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Cisco Commits to Set-Top Sector

Welcome to today's broadband and cable news roundup.
  • Cisco Systems Inc. has reaffirmed its commitment to the set-top box market after CEO John Chambers stirred the pot last week by saying the company is "walking away" from some deals involving lower-margin STBs. It appears Cisco still views set-tops as integral to the firm's multi-screen Videoscape architecture. Joe Chow, VP and GM of Cisco's Connected Devices unit, clarified in a blog post that Cisco "remains committed to providing world-class managed customer premise equipment (CPE), which includes digital set-tops, intelligent media gateways and other devices." As Light Reading Cable surmised, Cisco's strategy is to focus more squarely on video and data gateways, including a new class of unified gateways that share content with other devices hanging off the home network, such as client set-tops, tablets and smart TVs. (See Cisco Backs Away From 'Low-Margin' STB Deals.)
  • Kabel Deutschland GmbH's pending US$770 million deal for Tele Columbus Group has hit a snag. Germany's federal cartel office, the Bundeskartellamt, has stepped in to block the deal, calling the proposal inefficient. (The federal cartel office requires the divestment of roughly 60 percent of the Tele Columbus networks in Eastern Germany, twice as many as KD offered.) That could open a window of opportunity for Liberty Global Inc., which is rumored to have interest in Tele Columbus and recently acknowledged that it continues to be on the lookout for M&A opportunities. (See More M&A for Liberty Global?)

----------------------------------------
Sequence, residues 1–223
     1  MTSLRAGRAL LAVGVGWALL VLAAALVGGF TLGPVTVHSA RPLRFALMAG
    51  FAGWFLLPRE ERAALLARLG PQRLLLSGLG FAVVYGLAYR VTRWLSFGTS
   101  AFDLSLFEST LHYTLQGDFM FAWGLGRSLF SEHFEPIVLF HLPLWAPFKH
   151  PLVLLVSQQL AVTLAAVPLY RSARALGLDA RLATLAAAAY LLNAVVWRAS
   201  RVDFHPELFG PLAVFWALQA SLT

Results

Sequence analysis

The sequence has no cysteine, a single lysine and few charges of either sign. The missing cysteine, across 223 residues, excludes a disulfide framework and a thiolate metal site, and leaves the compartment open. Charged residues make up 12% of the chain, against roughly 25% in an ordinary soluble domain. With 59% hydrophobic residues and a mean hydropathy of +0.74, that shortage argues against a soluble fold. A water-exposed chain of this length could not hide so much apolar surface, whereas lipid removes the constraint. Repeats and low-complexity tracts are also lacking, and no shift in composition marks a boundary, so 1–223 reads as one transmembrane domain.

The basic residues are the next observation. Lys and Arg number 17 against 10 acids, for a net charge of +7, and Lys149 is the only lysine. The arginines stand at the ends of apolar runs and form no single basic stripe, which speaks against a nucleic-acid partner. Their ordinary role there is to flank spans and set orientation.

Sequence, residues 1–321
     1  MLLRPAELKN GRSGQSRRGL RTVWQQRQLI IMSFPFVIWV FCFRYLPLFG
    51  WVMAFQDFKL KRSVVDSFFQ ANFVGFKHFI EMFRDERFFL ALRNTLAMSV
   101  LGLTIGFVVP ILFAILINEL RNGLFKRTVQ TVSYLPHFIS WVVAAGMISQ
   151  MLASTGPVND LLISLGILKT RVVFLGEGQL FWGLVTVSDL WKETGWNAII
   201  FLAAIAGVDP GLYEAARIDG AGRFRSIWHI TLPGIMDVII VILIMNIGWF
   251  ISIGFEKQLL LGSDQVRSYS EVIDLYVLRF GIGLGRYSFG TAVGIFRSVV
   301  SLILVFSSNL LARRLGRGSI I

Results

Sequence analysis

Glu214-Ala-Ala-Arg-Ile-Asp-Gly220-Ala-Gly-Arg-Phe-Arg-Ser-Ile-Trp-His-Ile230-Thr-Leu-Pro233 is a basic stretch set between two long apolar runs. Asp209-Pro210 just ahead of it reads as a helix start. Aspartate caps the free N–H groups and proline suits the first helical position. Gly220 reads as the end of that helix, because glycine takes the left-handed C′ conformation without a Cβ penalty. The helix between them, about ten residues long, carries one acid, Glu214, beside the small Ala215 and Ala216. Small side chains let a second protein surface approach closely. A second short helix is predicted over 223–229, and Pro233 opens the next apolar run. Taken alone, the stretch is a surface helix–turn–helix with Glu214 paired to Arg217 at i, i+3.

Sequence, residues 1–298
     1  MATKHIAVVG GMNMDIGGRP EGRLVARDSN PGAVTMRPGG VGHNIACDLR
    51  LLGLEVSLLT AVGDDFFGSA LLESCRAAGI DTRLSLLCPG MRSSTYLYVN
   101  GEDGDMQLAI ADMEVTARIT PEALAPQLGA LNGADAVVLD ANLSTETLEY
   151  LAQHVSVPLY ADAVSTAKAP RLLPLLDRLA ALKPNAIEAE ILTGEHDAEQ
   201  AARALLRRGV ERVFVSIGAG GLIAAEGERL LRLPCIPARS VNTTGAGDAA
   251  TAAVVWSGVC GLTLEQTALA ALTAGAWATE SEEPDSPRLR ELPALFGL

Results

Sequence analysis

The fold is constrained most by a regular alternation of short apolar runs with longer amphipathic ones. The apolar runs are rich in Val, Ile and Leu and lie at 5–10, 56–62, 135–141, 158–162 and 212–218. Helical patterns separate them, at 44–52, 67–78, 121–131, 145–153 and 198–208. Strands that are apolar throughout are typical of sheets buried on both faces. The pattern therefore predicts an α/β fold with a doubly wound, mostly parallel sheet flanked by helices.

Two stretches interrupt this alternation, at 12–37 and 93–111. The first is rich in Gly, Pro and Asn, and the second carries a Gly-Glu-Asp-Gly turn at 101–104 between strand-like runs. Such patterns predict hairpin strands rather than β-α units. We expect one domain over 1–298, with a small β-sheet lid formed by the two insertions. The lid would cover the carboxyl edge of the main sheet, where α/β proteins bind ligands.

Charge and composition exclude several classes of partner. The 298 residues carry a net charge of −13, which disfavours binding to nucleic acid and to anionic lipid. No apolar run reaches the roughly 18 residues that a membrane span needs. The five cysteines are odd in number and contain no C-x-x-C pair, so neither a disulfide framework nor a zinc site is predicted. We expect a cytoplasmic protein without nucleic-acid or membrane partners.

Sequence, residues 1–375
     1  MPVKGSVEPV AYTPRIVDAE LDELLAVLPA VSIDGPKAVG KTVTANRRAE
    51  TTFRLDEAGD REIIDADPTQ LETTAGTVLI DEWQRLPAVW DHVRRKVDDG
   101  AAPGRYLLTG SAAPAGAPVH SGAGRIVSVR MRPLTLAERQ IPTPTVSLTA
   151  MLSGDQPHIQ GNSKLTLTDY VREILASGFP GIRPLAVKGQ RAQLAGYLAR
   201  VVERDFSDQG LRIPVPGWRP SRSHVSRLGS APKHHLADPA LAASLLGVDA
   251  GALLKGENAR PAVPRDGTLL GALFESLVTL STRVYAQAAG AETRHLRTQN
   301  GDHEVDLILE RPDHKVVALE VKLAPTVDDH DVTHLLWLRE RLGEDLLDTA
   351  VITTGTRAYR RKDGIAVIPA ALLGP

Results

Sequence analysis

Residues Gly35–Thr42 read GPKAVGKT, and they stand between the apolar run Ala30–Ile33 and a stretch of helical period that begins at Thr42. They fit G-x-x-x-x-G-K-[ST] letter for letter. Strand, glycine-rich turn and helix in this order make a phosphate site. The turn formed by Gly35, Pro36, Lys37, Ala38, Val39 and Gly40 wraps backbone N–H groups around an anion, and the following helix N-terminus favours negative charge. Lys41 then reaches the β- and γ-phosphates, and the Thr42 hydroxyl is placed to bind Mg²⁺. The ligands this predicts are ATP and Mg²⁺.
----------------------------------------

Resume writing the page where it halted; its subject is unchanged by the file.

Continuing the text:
• Verimatrix Inc. has scored a deal to provide the security underpinning Com Hem AB's coming TiVo Inc.-powered video platform, which will feature hybrid, IP-capable set-tops. Com Hem is slated to launch it in the spring. (See TiVo Makes IPTV Breakthrough at Com Hem .)
  • Technicolor SA will keep Tata Sky supplied with set-tops after winning two extension contracts with India's largest satellite TV operator, which has 8 million subs. The latest deals include Technicolor's HD-capable MediaPlay DSI715, and standard-definition MediaPlay DSI309 model. — Jeff Baumgartner, Site Editor, Light Reading Cable

  • victorblake 2/21/2013 | 3:49:21 PM
    re: Cisco Commits to Set-Top Sector First comment is that unless Cisco starts selling tablets, cell phones, and televisions, they do not have anything (in residential) "end to end." Second, I think Cisco's release of Linksys shows they they don't have a real interest in end to end. In my opinion they are not end to end and have struggled with it because at the "ends" most of the technologies are commodities and they do not wish to compete on price.

    I recall many a meeting when Cisco wanted to "understand the applications" for their routers. In reality, they are using their customers to learn about applications. The one "application" Cisco best understands is forwarding IP datagrams. They are good at that -- it is a good business -- and has remained the core of their business -- focus.
    jtombes 2/20/2013 | 3:18:36 PM
    re: Cisco Commits to Set-Top Sector Cisco used to talk 'end-to-end' before the SA acquisition. I can't see them ever not talking e2e. But it's a more compelling pitch (at least for service providers doing residential bundles) when you've got an end-device in the home.-á
    Jeff Baumgartner 2/19/2013 | 5:19:00 PM
    re: Cisco Commits to Set-Top Sector For Cisco, it all comes back to Videoscape and all-áof its -ápiece parts.-á STBs, even if cable becomes less reliant on them,-áwon't be going away anytime soon, so they'll-á have to remain in the Cisco service provider portfolio for the foreseeable future. But Cisco's clearly not interested in playing small ball... there are still many vendors out there that will. JB
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